Le Bon Gustave - How Races and Peoples Transform Their Civilization and Arts

Author : Le Bon Gustave
Title : How Races and Peoples Transform Their Civilization and Arts
Year : 1892

Link download : Le_Bon_Gustave_-_How_Races_and_Peoples_Transform_Their_Civilization_and_Arts.zip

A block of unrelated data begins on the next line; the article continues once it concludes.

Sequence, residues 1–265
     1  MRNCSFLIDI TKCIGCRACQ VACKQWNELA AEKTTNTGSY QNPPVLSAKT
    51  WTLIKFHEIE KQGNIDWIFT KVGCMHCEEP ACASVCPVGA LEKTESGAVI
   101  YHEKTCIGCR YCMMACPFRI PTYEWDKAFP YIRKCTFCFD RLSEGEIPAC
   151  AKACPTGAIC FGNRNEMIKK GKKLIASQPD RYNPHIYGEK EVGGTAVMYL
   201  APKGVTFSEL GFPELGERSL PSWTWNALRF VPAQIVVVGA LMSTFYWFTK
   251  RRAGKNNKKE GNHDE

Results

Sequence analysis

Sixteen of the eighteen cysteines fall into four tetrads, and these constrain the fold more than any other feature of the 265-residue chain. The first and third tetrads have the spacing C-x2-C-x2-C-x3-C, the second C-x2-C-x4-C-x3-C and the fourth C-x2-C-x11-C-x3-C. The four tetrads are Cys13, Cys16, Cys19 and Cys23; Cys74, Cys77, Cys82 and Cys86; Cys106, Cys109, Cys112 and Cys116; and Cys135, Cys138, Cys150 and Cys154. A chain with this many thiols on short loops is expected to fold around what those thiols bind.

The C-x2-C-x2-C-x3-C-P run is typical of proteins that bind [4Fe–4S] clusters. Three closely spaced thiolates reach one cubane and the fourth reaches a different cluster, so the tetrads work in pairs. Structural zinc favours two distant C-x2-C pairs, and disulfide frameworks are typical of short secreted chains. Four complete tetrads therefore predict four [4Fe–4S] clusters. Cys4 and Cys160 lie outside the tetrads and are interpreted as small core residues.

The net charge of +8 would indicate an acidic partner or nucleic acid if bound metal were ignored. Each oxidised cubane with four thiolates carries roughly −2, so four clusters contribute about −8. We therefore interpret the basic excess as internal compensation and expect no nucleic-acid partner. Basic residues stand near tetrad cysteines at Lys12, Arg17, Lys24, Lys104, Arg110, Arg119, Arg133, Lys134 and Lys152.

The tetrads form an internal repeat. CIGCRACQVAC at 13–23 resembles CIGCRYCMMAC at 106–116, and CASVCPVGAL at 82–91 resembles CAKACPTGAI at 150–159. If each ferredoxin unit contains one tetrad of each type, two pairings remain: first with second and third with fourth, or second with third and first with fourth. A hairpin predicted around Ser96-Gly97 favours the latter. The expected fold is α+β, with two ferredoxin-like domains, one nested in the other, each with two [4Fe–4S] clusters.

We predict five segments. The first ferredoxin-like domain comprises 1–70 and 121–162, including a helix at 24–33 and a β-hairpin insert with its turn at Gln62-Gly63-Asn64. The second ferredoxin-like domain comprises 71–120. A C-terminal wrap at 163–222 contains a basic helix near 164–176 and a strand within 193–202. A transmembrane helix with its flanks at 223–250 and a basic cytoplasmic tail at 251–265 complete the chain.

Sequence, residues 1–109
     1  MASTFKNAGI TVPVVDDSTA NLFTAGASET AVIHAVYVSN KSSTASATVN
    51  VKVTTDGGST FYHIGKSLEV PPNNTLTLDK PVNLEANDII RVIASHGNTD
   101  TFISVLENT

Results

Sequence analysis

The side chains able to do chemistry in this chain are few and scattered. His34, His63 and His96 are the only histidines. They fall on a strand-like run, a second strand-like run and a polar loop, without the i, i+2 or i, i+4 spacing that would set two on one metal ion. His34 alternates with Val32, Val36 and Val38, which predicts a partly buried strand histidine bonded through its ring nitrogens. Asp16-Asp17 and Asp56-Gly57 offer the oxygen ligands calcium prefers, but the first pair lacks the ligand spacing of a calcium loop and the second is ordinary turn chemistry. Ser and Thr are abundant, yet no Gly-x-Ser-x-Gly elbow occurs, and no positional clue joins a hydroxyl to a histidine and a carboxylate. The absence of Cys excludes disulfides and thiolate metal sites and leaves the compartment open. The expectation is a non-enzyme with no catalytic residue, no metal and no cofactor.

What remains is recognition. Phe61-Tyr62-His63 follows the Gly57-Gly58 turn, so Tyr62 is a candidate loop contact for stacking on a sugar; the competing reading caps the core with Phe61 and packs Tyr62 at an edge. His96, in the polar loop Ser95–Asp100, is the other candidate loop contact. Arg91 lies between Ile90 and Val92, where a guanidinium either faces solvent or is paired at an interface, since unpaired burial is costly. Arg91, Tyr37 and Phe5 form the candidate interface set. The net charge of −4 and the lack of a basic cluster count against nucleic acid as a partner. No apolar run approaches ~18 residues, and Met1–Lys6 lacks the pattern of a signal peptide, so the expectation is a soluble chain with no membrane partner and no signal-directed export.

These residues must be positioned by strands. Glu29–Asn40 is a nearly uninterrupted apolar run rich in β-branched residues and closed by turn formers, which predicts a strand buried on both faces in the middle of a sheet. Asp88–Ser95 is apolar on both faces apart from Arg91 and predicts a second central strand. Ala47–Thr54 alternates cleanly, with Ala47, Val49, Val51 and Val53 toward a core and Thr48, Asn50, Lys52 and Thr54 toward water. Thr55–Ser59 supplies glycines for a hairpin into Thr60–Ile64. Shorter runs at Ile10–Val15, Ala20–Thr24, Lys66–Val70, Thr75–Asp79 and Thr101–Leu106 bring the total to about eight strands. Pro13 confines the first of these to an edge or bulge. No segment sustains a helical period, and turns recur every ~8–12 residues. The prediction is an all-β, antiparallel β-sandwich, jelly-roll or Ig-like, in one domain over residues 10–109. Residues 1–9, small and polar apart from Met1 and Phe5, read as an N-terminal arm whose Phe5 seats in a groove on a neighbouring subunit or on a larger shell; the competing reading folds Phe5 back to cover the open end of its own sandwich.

In a preceding work¹ I have attempted to show that it is completely impossible for superior races to impose their civilization on inferior races and make the latter accept it. Taking up and analyzing one by one the most powerful means of action which the Europeans have had at their command and have employed— education, institutions and beliefs—I have demonstrated the absolute insufficiency of these means of action for changing the social state of inferior peoples. In addition, I have tried to establish that all the elements of a civilization correspond to certain modes of feeling and thinking, that is to say, a mental constitution represents the past of all a race, the result of the experiences and actions of a long series of ancestors, the hereditary movers of behavior. In order to change the civilization of a people, it will be necessary to change its soul. Only centuries, and not conquerors, can accomplish such a task. We have also come to see that it is only by means of a series of successive stages, analogous to the ones that the Barbarians— destroyers of the Greco-Roman civilization—cleared, that a people may elevate themselves on the ladder of civilization. If, by means of education, one tries to make a people evade and by-pass these stages, one will only disorganize and throw into confusion these people’s morale and intelligence, and end up leading them back to a level lower than the one where they had arrived by themselves. Lastly, I have shown that today there is only one people—the Arabs—capable of civilizing inferior peoples, because it is the only one which still possesses very simple institutions and beliefs. It is thus that after having transformed an enormous swath of the Orient, Moslems are the only possible civilizers of Africa, whereas Europeans, its conquerors today, are only able to ravage it. Now, my argumentation, and the documents which will support it, relates above all to those inferior peoples who by reason of colonization are in contact with extremely civilized peoples. My intention here today is to generalize the question, and to show convincingly that superior races have never been influenced by a foreign civilization more rapidly than inferior races and that, if the former have sometimes adopted beliefs, institutions, languages and arts different from those of their ancestors, it is only after their having been transformed slowly and profoundly in a way that brings them into rapport with their mental constitution. History seems to contradict itself on each following page. One quite frequently sees, for example, peoples changing the elements of their civilization, adopting new religions, new languages, and new institutions. Some abandon centuries-old beliefs repeatedly in order to convert to Christianity, Buddhism or Islam; others change their language while, lastly, others radically modify their institutions and arts. It even seems that the appearance of a conqueror or an apostle is sufficient in order to produce very easily similar transformations. However, in our presenting the account of these abrupt revolutions, History only succeeds in accomplishing one of its habitual tasks: creating and propagating many mistakes. When one studies nearly all these supposed changes, one will soon notice that the names only of the things change readily, whereas the realities which hide themselves behind the words continue to live and only transform themselves with extreme slowness. Now, in order to substantiate and demonstrate how, behind the variable designations, the very slow evolution of things is accomplished, it will be necessary to study each element of each civilization among diverse peoples. This heavy task I have already attempted in many volumes²; I do not propose to recommence it here. Setting aside the numerous elements of civilizations, I shall only examine today one of them: the arts. Before entering upon the study of the evolution that the arts effect in passing from one people to another, I shall in the meantime make some remarks about the changes that the other elements of the civilization undergo, in order to show that the laws applicable to a single one of these elements are indeed applicable to all, and that, if the arts of a people are in rapport with a certain mental constitution, so also are the languages, institutions, beliefs, etc., and consequently, these elements cannot abruptly change, but instead are received indifferently by one people from another. It is mainly with regard to religious beliefs that this theory may seem paradoxical, but it is nevertheless in the history of these same beliefs that one can find the best examples to invoke in order to prove that it is just as impossible for a people to suddenly change the elements of its civilization as it is for an individual to change his height or the color of his eyes. Everybody is undoubtedly aware that all the great religions— Brahmanism, Buddhism, Christianity, Islam—have instigated mass conversions in entire races who have seemed to adopt the new religion all at once; however, when one engages in a deeper study of these conversions, one soon ascertains that what the peoples have primarily changed is the name of their religion, and not the religion itself; that in reality the adopted beliefs have undergone the necessary transformations in order to put themselves in rapport with the old beliefs that they have come to replace and of which they are therefore only the simple continuation. These transformations, supported by the beliefs passing from one people to another, are themselves so considerable that the newly-adopted religion does not have any visible relationship with the one from which it takes its name. The best example of this is the one provided by Buddhism which, after having been transported to China, has become at this point unrecognizable, so much so that scholars had at first taken it to be an independent religion, and had for a long time missed recognizing that this religion was merely Buddhism transformed by the race who had adopted it. Chinese Buddhism is not at all the Buddhism of India, which itself is very different from the Buddhism of Nepal and likewise differs from the Buddhism of Ceylon. In India Buddhism was but a schism of Brahmanism, which had preceded it, and from which it fundamentally differed quite little; in China it was also a schism of the earlier beliefs to which it had tightly attached itself. What is rigorously demonstrated for Buddhism is not any less so for Brahmanism. The races of India being extremely diverse, it is easy to suppose that, under identical names, they will come to possess extremely different religious beliefs. Certainly, all the Brahmanic peoples consider Vishnu and Siva as their fundamental divinities, and the Vedas as their sacred books; however, these fundamental gods only leave behind in the religion their names, and the sacred books but their text. One sees this in the innumerable cults that have been formed throughout India— cults where one comes across, depending on the races, the most varied beliefs: monotheism, polytheism, fetishism, pantheism, cults worshipping ancestors, demons, animals, etc. To not judge the cults of India other than from what the Vedas say, one will not obtain the slightest idea of the gods and beliefs which reign in this immense peninsula. The title of the sacred books is venerated among all the Brahmans, but of the religion that these books teach, nothing fully remains. ...